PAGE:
Getting the noise out of test runs

Last Update: 9/27/2016

Authors: Kim Herzig, Nachi Nagappan

Can you believe your test results? If a test runs green or red, is it a true pass or fail, or might it be a false positive or negative? Sorting out the noise of false alarms from correct test results is a nasty manual exercise and insidious waste of time. This experience report looks at a method to distinguish reliable from noisy test results.*

Testing code changes

Every day engineers change software systems by applying code changes to add new features, improve the product, or to fix known issues. However, their code changes increase the risk of introducing new issues or incompatibilities. To ensure that code changes do not lower product quality, developers typically test their code changes before merging them into the main code base.

It takes time to run tests

Testing all code changes applied to a code base for large software systems may be a time-consuming task. While test cases on unit level might run fast, higher-level tests, such as system and integration tests, usually take more time to complete. Thus, the more changes are applied the more tests need to be executed and the more time each code change spends in verification before being integrated into the final product. Testing processes tend to reduce code integration speed (code velocity) and slow down product development. Therefore, optimizing test processes is likely to positively affect speed and productivity of overall software development processes.

False test alarms

In theory, test cases either pass or fail, and if they fail, there may be code defects. In practice, running system and integrations tests (for example, Microsoft Windows or the Microsoft Dynamics business software suite) require complex test setups and infrastructures, which come with their own issues. Thus, system and integration tests may also fail due to test and infrastructure issues, for example, broken hardware prevents a test from retrieving a remote file. We call such test failures false test alarms.

The waste of manual investigation

As any test failure, false test alarms are reported to the engineers and require manual investigation, lowering development speed. However, false test alarms provide no insights into product quality but only harm the development process. Therefore, it is desirable to minimize or eliminate false test alarms, or at least, prevent them from disrupting the development process.

True test failures matter

At the same time, tests that fail due to code defects must remain enabled. These failures must be investigated because actual code defects may ship to customers.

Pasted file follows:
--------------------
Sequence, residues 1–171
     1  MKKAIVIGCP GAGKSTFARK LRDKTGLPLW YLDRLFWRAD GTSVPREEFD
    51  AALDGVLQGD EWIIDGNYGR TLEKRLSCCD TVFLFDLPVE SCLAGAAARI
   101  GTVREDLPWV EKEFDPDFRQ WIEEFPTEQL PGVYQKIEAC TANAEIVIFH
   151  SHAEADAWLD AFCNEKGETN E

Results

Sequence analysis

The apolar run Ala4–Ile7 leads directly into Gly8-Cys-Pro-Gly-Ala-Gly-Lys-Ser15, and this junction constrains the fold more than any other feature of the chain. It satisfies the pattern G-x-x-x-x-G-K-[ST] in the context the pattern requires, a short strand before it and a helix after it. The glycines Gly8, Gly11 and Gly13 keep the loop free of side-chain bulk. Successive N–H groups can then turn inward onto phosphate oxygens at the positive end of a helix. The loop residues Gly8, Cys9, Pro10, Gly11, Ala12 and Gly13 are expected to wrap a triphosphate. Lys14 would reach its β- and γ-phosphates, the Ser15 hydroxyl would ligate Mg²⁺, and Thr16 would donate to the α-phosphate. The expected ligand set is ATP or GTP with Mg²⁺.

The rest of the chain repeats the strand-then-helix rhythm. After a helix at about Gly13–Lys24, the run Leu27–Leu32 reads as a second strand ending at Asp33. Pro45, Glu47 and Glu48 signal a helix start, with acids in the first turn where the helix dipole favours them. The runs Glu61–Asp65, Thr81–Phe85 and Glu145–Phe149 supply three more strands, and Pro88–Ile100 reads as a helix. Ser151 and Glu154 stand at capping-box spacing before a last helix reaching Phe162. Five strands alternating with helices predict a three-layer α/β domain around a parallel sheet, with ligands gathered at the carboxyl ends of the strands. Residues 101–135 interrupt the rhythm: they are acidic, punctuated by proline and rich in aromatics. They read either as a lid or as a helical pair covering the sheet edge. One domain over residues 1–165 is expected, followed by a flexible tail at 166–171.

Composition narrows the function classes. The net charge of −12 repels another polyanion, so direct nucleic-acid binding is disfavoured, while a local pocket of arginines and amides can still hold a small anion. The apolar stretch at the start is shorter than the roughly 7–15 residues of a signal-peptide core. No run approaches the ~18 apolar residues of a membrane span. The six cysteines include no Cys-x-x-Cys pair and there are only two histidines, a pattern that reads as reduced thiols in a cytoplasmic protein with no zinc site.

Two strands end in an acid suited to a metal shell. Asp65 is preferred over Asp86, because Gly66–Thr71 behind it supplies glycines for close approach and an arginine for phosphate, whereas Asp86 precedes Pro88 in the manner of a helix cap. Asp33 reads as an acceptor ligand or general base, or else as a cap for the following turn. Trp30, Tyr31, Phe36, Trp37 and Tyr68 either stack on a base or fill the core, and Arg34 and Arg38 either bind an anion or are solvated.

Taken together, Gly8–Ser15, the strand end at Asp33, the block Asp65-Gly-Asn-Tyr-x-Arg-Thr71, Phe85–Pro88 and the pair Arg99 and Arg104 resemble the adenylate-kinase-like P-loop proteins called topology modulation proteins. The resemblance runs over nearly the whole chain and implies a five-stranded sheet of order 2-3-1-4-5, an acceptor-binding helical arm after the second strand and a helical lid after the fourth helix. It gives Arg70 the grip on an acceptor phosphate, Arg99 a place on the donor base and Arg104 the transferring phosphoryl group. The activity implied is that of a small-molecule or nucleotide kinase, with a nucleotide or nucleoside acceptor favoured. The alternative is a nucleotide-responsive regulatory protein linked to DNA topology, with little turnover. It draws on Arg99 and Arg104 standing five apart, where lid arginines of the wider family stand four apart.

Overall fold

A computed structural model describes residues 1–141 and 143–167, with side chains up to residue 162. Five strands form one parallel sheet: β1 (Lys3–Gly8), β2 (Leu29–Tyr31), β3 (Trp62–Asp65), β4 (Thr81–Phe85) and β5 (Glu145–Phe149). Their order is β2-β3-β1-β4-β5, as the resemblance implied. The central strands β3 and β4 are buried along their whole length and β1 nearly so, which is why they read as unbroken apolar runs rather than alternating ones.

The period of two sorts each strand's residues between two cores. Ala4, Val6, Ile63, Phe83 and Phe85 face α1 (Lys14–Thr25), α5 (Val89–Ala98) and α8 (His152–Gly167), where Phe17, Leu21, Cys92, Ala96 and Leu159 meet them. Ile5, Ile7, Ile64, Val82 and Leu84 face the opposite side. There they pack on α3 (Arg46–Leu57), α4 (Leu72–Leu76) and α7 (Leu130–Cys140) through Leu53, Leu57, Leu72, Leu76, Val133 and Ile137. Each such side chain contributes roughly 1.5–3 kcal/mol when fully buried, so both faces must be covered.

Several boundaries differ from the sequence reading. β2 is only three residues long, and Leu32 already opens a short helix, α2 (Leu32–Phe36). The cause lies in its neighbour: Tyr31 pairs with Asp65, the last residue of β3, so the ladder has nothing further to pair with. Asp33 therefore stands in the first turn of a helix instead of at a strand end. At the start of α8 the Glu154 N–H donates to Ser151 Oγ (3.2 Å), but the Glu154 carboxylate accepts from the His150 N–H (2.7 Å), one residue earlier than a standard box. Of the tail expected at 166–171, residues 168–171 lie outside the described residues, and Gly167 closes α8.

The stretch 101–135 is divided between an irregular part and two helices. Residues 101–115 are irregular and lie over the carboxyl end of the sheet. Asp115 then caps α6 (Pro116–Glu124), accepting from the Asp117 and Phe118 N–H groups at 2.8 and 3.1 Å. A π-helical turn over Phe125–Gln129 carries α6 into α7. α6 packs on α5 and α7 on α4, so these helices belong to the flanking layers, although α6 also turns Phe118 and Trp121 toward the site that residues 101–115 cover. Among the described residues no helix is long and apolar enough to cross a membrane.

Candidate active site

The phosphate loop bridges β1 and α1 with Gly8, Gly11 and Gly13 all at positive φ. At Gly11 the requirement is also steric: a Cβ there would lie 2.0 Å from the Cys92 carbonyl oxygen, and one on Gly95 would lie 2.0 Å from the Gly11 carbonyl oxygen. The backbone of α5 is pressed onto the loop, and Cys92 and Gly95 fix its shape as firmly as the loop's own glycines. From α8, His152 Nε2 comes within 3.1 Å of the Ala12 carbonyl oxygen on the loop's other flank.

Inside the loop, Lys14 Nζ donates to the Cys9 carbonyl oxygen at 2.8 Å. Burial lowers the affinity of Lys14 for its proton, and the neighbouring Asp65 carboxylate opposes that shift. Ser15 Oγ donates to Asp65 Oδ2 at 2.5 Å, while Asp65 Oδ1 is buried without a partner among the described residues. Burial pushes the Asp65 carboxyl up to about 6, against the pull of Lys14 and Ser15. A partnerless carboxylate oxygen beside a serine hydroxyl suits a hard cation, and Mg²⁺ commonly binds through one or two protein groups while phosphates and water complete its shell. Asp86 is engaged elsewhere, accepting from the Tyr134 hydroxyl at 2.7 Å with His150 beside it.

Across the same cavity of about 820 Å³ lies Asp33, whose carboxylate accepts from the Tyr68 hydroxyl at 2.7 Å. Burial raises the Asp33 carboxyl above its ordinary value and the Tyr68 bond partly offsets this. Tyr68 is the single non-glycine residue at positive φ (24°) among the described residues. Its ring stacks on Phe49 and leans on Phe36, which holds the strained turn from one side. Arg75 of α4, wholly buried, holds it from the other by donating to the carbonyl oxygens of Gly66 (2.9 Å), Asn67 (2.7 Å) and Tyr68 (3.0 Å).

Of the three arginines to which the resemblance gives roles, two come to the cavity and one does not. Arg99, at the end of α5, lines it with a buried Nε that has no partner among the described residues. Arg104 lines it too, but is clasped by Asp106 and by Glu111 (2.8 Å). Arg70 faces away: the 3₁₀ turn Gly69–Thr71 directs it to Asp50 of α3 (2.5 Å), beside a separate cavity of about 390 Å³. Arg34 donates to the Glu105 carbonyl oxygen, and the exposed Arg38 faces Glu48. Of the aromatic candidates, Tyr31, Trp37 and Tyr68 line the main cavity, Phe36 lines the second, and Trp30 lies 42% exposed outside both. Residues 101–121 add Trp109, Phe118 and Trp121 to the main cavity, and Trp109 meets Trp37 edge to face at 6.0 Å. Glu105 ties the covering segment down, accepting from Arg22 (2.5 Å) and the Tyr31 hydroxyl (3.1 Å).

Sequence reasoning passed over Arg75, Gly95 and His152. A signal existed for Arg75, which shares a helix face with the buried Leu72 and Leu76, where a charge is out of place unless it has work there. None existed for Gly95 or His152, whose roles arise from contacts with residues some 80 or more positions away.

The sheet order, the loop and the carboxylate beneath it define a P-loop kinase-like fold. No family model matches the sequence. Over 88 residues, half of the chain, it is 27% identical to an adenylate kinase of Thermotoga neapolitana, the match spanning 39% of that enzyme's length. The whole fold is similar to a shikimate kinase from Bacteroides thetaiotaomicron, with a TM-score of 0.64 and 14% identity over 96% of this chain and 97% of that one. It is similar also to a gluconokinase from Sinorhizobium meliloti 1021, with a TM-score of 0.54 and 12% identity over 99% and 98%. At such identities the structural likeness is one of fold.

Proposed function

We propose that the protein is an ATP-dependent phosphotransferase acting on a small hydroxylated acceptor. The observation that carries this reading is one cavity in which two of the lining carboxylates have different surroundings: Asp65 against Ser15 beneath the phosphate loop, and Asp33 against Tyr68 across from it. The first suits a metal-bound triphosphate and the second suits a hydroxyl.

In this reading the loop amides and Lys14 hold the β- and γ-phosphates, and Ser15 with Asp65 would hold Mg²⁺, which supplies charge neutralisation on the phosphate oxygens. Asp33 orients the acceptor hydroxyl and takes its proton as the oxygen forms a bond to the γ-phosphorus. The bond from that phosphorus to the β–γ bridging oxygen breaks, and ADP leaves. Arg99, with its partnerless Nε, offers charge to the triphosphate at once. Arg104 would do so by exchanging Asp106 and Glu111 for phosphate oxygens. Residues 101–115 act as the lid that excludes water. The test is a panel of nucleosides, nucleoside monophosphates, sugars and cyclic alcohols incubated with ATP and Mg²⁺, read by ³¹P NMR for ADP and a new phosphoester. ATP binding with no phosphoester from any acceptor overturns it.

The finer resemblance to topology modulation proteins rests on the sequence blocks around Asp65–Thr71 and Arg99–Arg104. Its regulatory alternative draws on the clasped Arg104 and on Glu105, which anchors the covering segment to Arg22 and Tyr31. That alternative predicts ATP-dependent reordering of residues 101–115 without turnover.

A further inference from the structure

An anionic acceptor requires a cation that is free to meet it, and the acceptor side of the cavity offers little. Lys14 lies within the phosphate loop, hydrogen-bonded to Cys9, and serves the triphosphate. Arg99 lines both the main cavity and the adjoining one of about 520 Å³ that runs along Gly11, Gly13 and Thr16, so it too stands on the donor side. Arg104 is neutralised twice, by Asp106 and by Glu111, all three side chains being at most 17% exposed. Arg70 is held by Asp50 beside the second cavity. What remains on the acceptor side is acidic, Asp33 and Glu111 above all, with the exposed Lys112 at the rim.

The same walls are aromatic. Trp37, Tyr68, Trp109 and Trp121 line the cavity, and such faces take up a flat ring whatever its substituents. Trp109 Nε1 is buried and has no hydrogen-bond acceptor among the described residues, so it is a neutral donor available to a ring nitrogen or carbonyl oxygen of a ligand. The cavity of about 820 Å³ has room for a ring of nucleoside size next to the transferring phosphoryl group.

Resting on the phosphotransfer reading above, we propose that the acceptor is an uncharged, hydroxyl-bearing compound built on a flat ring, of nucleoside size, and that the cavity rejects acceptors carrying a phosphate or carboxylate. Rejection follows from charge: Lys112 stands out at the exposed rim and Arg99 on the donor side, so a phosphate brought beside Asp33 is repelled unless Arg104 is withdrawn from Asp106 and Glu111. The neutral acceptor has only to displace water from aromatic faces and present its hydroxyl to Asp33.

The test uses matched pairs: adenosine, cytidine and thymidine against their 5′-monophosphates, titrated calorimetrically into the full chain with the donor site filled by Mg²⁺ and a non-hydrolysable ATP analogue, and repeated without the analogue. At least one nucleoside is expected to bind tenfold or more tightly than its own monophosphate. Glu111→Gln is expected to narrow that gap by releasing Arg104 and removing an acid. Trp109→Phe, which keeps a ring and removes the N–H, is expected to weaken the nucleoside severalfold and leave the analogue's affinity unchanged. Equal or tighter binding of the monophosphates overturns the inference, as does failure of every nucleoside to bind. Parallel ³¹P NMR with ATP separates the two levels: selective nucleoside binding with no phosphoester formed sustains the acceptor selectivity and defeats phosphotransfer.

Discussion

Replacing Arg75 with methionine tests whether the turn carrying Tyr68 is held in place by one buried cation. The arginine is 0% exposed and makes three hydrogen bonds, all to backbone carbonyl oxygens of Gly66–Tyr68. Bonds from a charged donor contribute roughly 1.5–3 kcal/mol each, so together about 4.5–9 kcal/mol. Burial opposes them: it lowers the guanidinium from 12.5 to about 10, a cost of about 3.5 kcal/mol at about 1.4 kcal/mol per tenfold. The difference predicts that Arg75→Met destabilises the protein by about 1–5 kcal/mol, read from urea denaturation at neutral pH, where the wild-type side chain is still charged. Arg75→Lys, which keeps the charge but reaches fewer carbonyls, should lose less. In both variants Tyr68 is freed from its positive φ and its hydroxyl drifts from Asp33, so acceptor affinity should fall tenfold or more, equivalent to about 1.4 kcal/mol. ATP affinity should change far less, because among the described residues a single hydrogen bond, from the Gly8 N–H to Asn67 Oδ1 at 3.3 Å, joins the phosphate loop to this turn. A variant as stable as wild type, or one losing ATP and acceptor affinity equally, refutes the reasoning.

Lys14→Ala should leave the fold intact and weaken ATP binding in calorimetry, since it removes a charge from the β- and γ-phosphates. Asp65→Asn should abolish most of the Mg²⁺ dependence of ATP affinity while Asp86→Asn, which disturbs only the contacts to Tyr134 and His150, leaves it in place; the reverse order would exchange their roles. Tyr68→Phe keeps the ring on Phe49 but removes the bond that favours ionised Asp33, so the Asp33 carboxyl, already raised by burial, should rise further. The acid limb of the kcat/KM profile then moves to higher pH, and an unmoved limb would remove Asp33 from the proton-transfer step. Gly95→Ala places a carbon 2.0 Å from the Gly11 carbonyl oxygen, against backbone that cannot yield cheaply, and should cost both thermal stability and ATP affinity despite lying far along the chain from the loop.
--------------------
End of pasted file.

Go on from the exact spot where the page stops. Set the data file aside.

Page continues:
The goal of this work is to develop a precise false test alarm classification model, which identifies false test alarms automatically.

Automatic classification of flaky tests

Our model analyzes reported and manually classified false test alarms. The Figure below illustrates a simple flow chart of how this is used in practice:

Classifying test alarms flow chart

Hypothesis: True failures lead to action

Using association rule mining, we detect frequently occurring patterns of individual test step failures that are unique for false test alarms. These mined association rules are then used to automatically classify newly reported test failures as false test alarms.

Distinguishing false alarms in practice

We evaluated our approach on a large set of false test alarms that were reported by system and integration test cases during development periods of Windows and Dynamics. We evaluated our classification model on two development processes and periods covering the development of Microsoft Windows and a 2-year development period of Microsoft Dynamics. Our classification model shows a mean precision above 0.85 for both products. This means that our classification model produces a false positive rate below 15%. Recall values for both products are low and range between 0.3 and 0.5.

Prune flaky tests rather than waste time on them

The model is an excellent tool to help engineers to prioritize test failures and to provide additional input for engineers to confirm the classification model's decisions. Such a scenario has two important benefits:

  1. The model would reduce the risk to a minimum of code defects being wrongly classified as false alarms. Instead of suppressing the test failure, the failure still reaches engineers but warns them about the possibility of being a false test alarm. This workflow allows for human supervision of the classification system and may include a feedback loop that allows engineers to override classification results, in turn training the classification model further.
  2. At the same time, such an interactive model might help engineers prioritize their test failure inspection to focus on the failures most likely to matter.

The end goal is to be able to trust test results without having to waste time on inspection. Using a predictive model demonstrably improves the efficiency.

References:

* Kim Herzig, Nachiappan Nagappan: Empirically Detecting False Test Alarms Using Association Rules. ICSE (2) 2015: 39-48